American Red Cross representatives respond to why people aren’t getting approved for the $400 assistance package

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HOUSTON -- As the days and weeks pass by, more people are getting frustrated as they play the waiting game for help from the American Red Cross.

Helen Mott and her family were rescued from their home and taken to a shelter after three and a half feet of water flooded their home during Hurricane Harvey.

"It's very, very frustrating. Sometimes you go home and you just put your head down and you cry," Mott said.

Mott said she applied for the $400 assistance package through the Red Cross but was denied, so she filed an appeal. She said the automated response told her she would receive a call from a Red Cross representative within 72 hours, but she still has not heard back five days later.

"It is really painful because you're not knowing one day to the next, what's going to happen. Even though it's a small amount of money, it can be a big help to someone who has lost everything, or pretty much everything," Mott said.

She's not the only one.

The Metropolitan Organization is now demanding answers from the American Red Cross after they said hundreds of people have also complained of being denied help.

"We are asking that the Red Cross would clarify their application and appeals process. We also ask that the Red Cross would take an extra step and work with community groups like ours and open up lines of communication so we can help people during this recovery process," Dr. Charles Turner, a leader with TMO said.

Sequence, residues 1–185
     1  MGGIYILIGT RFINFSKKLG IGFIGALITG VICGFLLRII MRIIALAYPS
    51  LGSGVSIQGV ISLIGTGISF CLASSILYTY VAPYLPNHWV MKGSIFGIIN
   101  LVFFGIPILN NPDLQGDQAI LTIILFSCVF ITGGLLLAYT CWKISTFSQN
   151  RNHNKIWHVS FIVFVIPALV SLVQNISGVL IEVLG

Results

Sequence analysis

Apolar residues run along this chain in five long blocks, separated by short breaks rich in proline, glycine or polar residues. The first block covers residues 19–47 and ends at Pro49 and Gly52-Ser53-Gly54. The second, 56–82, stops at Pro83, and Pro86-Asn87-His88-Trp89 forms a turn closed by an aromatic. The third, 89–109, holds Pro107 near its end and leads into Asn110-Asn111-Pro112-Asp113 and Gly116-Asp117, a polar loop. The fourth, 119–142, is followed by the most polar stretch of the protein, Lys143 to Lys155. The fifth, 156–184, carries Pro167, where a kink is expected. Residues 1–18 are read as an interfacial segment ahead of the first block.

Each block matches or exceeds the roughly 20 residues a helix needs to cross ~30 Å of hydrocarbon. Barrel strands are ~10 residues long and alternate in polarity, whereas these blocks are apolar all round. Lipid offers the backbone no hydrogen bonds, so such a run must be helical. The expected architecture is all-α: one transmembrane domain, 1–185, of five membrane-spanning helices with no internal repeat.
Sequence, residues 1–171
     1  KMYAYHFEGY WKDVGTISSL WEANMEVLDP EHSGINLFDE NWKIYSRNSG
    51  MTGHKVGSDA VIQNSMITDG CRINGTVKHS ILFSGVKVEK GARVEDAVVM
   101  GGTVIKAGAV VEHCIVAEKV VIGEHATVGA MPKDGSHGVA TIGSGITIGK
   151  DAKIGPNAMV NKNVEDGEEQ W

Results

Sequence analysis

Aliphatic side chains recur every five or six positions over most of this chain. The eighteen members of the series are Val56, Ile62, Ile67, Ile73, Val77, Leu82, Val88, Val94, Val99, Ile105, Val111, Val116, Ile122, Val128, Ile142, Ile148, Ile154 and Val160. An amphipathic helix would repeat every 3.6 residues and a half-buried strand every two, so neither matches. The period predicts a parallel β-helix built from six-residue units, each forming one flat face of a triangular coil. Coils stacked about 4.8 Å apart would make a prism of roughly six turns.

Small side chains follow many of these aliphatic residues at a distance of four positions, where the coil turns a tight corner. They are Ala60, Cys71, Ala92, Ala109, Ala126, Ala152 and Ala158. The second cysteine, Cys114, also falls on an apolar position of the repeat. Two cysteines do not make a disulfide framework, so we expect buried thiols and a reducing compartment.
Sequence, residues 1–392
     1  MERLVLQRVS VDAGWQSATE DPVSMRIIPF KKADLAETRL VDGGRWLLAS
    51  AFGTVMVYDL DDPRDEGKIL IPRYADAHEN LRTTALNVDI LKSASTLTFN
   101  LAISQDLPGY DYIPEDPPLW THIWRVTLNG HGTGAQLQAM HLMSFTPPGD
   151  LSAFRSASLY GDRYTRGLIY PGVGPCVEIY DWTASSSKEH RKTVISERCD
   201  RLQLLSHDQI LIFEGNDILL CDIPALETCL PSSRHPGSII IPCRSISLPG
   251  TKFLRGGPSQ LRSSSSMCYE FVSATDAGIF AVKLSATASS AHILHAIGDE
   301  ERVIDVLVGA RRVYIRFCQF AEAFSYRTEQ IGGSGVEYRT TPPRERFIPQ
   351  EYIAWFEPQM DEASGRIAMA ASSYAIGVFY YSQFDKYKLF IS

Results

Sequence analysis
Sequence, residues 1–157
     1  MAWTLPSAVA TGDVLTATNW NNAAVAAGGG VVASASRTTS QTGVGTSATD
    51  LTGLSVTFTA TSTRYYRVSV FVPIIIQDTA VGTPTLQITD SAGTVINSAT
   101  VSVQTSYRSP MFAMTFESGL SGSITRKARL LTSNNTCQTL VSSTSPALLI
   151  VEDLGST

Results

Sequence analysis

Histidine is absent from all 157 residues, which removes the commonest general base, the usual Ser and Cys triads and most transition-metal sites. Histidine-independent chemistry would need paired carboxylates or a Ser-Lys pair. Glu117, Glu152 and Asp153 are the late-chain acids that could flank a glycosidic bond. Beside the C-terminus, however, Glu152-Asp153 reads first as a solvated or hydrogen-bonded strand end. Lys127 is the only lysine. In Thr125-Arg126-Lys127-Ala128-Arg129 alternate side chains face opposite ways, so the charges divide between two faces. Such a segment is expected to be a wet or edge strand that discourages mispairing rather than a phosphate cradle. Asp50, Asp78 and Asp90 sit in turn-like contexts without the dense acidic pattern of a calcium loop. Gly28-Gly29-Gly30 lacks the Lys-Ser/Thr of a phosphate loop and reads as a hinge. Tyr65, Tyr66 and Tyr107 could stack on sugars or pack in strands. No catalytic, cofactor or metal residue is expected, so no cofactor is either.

The Red Cross, however, is still asking people to be patient as they navigate through its guinea pig program.

Charles Blake is the division disaster executive for the southwest and Rocky Mountain Division of the American Red Cross.

"It's a new process. This is the first time the American Red Cross has ever done something like this. We're trying to expedite getting money into people's hands and our systems were overwhelmed," Blake said.

From technical issues to volume issues, Blake said the Red Cross isn't exactly sure why people are getting denied when they're not supposed to, but he said, as long as a qualified applicant submits their initial materials before the Oct. 10 deadline, they'll almost be guaranteed to get that money.

"Once they make that appeal and they do qualify and they're approved, it's an almost instantaneous scale. All they have to do is make a decision on where they want that money sent," Blake said.

Blake adds that the Oct. 10 deadline does not apply to appeals.

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